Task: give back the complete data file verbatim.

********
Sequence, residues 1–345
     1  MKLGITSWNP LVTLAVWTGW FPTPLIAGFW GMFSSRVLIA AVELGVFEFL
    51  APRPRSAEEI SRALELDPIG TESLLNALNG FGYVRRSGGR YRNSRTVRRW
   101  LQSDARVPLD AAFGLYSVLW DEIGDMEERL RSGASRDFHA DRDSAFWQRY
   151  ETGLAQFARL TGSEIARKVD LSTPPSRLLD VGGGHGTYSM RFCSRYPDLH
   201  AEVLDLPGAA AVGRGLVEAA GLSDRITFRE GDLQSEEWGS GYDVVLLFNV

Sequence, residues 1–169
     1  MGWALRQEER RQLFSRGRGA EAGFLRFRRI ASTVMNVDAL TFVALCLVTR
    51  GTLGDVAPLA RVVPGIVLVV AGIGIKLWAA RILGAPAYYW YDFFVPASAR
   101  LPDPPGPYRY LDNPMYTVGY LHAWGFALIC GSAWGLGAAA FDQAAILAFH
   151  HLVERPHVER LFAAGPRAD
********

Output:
Sequence, residues 1–345
     1  MKLGITSWNP LVTLAVWTGW FPTPLIAGFW GMFSSRVLIA AVELGVFEFL
    51  APRPRSAEEI SRALELDPIG TESLLNALNG FGYVRRSGGR YRNSRTVRRW
   101  LQSDARVPLD AAFGLYSVLW DEIGDMEERL RSGASRDFHA DRDSAFWQRY
   151  ETGLAQFARL TGSEIARKVD LSTPPSRLLD VGGGHGTYSM RFCSRYPDLH
   201  AEVLDLPGAA AVGRGLVEAA GLSDRITFRE GDLQSEEWGS GYDVVLLFNV

Sequence, residues 1–169
     1  MGWALRQEER RQLFSRGRGA EAGFLRFRRI ASTVMNVDAL TFVALCLVTR
    51  GTLGDVAPLA RVVPGIVLVV AGIGIKLWAA RILGAPAYYW YDFFVPASAR
   101  LPDPPGPYRY LDNPMYTVGY LHAWGFALIC GSAWGLGAAA FDQAAILAFH
   151  HLVERPHVER LFAAGPRAD